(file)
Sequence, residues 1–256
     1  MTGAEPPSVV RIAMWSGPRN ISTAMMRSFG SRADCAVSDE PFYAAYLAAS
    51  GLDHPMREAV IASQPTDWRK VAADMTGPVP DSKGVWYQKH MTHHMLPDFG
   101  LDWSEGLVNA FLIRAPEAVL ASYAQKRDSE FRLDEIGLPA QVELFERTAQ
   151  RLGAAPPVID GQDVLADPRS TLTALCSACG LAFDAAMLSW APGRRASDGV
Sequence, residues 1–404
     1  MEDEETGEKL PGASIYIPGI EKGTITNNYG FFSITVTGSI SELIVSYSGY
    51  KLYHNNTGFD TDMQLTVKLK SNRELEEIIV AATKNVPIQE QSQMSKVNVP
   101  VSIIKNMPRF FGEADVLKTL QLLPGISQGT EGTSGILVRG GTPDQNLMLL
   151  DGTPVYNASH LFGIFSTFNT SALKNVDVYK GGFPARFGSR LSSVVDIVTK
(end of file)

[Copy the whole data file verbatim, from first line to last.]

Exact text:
Sequence, residues 1–256
     1  MTGAEPPSVV RIAMWSGPRN ISTAMMRSFG SRADCAVSDE PFYAAYLAAS
    51  GLDHPMREAV IASQPTDWRK VAADMTGPVP DSKGVWYQKH MTHHMLPDFG
   101  LDWSEGLVNA FLIRAPEAVL ASYAQKRDSE FRLDEIGLPA QVELFERTAQ
   151  RLGAAPPVID GQDVLADPRS TLTALCSACG LAFDAAMLSW APGRRASDGV
Sequence, residues 1–404
     1  MEDEETGEKL PGASIYIPGI EKGTITNNYG FFSITVTGSI SELIVSYSGY
    51  KLYHNNTGFD TDMQLTVKLK SNRELEEIIV AATKNVPIQE QSQMSKVNVP
   101  VSIIKNMPRF FGEADVLKTL QLLPGISQGT EGTSGILVRG GTPDQNLMLL
   151  DGTPVYNASH LFGIFSTFNT SALKNVDVYK GGFPARFGSR LSSVVDIVTK